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e pluribus: Out of Many

National Academy of Design online exhibition

September 23, 2021

Chenille #7, 2018, Oil and mixed media on canvas. 58 1/4 x 118 1/4 x 5 1/2 inches (148 x 300.4 x 14 cm)

Chenille #7, 2018, Oil and mixed media on canvas. 58 1/4 x 118 1/4 x 5 1/2 inches (148 x 300.4 x 14 cm)

Press Release

Harmony Hammond included in group online exhbition e pluribus: Out of Many curated by Dr. Kelli Morgan for the National Academy of Design.

The institution's press release follows: 

In 1782 the United States adopted e pluribus unum (out of many, one) as its motto, signaling the country’s global emergence as a new, united nation comprised of thirteen different colonies with very diverse populations. Behind the Latin phrase was the great American ideal of unity through diversity, an ideal so epic in the framers’ minds that it completely disregarded the abject oppression and violence committed against indigenous, enslaved, women, immigrant, poor, and disabled Americans.

As we navigate our contemporary moment and the various ways that the COVID-19 pandemic, continuous demands for social justice and racial equity, and the 2020 presidential election have manifested as vestiges of America’s inability to fully realize its initial motto, e pluribus: Out of Many, the 190th Annual Exhibition of the National Academy of Design purposely omits unum from its title to explore whether unity or oneness can truly be achieved in a nation founded upon principles that have always been inherently flawed and discriminatory when applied to its citizenry. Hence, the show asks: What new futures can we create if we end our pursuit of a mythological national unity and accept our reality as an incongruent collective?

The first digital Annual exhibition in the National Academy’s history, e pluribus is organized as a completely virtual experience to emphasize the opportunities in collectivity. Specifically, the show utilizes the virtual realm to celebrate the various ways that National Academicians have demonstrated both the benefits of collectivity and the detriments of group singularity throughout the Academy’s history.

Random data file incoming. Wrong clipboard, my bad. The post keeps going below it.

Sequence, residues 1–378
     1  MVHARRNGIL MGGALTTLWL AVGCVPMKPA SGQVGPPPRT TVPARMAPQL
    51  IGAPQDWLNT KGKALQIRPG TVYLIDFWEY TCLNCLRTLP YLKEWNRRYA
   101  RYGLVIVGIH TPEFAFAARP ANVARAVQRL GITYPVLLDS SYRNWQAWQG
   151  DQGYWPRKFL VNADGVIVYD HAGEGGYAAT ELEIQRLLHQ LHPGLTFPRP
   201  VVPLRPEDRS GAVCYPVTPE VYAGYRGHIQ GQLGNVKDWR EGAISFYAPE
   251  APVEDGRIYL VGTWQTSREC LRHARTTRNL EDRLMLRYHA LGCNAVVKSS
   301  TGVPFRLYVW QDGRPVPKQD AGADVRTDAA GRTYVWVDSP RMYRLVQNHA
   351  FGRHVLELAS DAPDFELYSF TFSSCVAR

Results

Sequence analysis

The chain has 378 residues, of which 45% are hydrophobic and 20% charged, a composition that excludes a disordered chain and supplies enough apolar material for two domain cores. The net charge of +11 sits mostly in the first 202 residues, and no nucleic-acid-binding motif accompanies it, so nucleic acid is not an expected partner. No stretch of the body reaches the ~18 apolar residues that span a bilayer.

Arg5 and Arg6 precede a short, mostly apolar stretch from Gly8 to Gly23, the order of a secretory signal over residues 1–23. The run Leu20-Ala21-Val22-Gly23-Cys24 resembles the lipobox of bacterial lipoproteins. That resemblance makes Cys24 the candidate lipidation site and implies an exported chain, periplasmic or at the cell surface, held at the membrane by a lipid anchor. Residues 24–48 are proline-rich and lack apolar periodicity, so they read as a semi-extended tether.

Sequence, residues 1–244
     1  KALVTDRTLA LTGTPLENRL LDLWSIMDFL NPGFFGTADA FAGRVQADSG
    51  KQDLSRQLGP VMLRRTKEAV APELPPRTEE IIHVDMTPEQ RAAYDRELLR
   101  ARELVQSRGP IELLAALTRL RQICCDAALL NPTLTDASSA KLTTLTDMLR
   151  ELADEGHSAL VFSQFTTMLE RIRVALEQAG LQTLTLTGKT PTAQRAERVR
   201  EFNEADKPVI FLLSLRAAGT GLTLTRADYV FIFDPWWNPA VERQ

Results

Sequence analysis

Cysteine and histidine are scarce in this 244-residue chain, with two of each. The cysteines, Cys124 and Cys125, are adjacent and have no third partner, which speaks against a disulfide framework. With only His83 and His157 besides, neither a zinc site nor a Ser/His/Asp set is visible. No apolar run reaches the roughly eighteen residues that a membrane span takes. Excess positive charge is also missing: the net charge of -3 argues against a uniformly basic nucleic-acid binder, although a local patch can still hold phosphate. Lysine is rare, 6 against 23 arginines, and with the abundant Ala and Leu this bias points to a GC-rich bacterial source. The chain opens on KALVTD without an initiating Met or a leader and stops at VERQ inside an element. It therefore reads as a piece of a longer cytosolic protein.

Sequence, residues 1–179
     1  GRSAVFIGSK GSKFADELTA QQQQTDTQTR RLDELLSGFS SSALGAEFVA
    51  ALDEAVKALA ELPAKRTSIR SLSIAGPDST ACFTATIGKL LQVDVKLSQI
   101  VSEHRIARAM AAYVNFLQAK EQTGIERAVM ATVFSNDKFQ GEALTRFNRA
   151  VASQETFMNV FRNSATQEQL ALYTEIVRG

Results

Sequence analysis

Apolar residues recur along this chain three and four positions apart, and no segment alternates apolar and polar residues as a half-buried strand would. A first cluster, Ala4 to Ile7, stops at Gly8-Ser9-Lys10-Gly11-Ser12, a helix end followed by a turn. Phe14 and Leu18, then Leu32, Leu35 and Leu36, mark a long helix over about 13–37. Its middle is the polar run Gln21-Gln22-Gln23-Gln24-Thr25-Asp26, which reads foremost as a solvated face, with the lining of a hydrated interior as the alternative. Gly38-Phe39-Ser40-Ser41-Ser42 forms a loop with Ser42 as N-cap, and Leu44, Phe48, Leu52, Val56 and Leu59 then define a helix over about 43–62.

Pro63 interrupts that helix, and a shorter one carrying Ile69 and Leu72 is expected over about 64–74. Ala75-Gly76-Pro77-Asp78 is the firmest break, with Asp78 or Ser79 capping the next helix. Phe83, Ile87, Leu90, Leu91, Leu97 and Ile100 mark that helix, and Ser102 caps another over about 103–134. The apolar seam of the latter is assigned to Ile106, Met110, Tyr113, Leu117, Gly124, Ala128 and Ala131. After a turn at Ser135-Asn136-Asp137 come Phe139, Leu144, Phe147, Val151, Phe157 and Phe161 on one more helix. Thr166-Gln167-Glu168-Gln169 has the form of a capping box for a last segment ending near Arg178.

Statement by Harmony Hammond:
"I make paintings that participate in the narrative of modernist abstraction at the same time they interrupt and subvert that narrative. Mostly I do this through “material engagement,” or the agency of materials and the way they are physically manipulated to bring social and political content into formal abstraction. In my recent painting, fraying pieces of coarse burlap and grommets are layered intermittently with thick oil paint. The raised patterns created by the paint encrusted grommets and the off-white color suggest the soft texture and domestic warmth of tufted chenille bedspreads, but with an edge, as under-layers of color assert themselves, pushing up through tears in the burlap, oozing out of grommeted holes, and bleeding into the paint, thereby suggesting the potential disruption of the warm white coverlet. In this way, Chenille #7 alludes to the social unrest, political threats, and agency of those who have been suppressed and marginalized."